Lightning illuminates a graphite sky, as the wind whips through my hair and my aura. Thunder rattles the earth and my bones, and the rain comes down however it will—straight, hard and insistent, or a little sideways and chaotic. Look at the weather forecast for lower Alabama this time of year, and you will see a thundercloud icon on every day of the week. Storms are always a late afternoon possibility. They can be utterly terrifying in a place that has experienced deadly tornados, but they can also be cleansing and renewing. 

Lately, I have welcomed storms that are just enough to wash away the tension and heaviness in the air and in me as well. As late summer sets in and autumn beckons, I find myself wading in the waters of grief once again. My father’s lung cancer is terminal. He will cross the veil as my mother did three years ago. It is strange, this thought of being parentless, though I have so often parented myself through life. Still, there is this feeling of an impending storm and the longing to be on the other side of it with everything washed clean.

Cycles have to be lived, however. There is no workaround. Clarissa Pinkola Estes captures it well when she writes that “to love means to embrace and at the same time to withstand many many endings, and many many beginnings—all in the same relationship.” (Estes, 2003)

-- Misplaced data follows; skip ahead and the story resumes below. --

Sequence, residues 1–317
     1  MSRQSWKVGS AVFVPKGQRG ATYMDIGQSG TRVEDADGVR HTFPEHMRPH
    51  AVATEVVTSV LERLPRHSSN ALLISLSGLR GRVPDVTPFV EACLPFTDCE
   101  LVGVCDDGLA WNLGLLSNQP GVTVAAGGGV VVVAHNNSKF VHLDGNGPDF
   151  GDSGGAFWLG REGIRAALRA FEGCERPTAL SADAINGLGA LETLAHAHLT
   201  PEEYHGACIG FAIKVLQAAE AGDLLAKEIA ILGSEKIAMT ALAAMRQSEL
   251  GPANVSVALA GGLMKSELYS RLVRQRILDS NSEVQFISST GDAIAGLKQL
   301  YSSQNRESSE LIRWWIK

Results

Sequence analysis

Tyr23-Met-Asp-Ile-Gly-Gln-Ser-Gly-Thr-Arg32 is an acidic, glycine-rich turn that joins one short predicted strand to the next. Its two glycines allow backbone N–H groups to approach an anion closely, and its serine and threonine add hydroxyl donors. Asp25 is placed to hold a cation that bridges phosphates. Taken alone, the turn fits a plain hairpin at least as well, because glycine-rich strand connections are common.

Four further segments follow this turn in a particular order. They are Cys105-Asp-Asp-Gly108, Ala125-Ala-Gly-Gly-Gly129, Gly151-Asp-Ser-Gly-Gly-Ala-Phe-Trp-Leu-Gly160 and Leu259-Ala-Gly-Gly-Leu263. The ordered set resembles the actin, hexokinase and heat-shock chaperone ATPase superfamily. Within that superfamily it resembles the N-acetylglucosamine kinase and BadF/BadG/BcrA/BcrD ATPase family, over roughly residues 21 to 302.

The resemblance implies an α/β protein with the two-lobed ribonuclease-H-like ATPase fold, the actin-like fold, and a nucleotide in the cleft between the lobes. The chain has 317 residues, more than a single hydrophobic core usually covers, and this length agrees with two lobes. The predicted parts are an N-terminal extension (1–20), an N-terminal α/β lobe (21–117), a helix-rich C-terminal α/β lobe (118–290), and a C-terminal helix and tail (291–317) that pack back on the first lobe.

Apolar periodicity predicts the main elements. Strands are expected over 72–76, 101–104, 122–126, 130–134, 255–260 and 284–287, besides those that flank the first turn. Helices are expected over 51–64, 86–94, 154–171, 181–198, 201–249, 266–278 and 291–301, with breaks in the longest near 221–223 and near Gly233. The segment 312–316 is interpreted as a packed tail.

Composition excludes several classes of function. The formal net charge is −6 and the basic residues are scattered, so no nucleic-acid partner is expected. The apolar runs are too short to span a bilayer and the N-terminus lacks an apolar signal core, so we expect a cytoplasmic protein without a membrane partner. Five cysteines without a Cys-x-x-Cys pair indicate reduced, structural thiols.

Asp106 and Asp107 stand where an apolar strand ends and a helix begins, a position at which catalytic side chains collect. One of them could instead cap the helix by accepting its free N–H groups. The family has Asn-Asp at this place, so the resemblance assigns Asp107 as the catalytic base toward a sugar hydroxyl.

Knowing that I can’t avoid this particular storm of life, I look for ways to weather it instead. I think of what provides the sturdiest emotional shelter, some mix of practical and magical strategies to prevent the maelstrom from pulling me under.    

The first wall of my shelter is physical activity. I do a mix of High Intensity Interval Training (HIIT) and yoga to keep my body in shape, but it helps to calm my busy mind as well. Working out is usually the first thing I want to drop when times get tough, but it’s like the load bearing wall of my shelter. If it goes, the whole structure gets shaky.   

The next wall is meditation. I use some meditation exercises I learned from Druidry, and I’ve been focusing more on how I breathe. Most of us don’t breathe deeply and consciously, and our shallow breathing tends to elevate our stress levels. Self-Healing with Breathwork by Jack Angelo has been a valuable resource to me.      

The third wall of my shelter is, of course, writing. Journaling helps me put things into perspective. It gives me a place to vent, reflect, and go deep. Sometimes I’ll start with a Tarot or oracle reading and then journal about what I see in the spread.   

The last crucial wall of my emotional storm shelter is having a support team. I’m a trained life coach, so I cannot overstate the importance of receiving good counseling when going through any type of life transition. This, along with a supportive women’s circle, keeps me grounded and connected to what matters most. 

If you are going through a personal storm of your own, I hope this helps you to create your own best shelter. We are in the midst of eclipse season as I write this, and from the input I've received, it’s rough out there. If we can’t be on the other side of the storm just yet, may we find refuge and solace in the things that nourish mind, body, and soul until it passes. 

Blessed Be   

Estés, C. (2003). Women who run with the wolves. New York: Ballantine Books.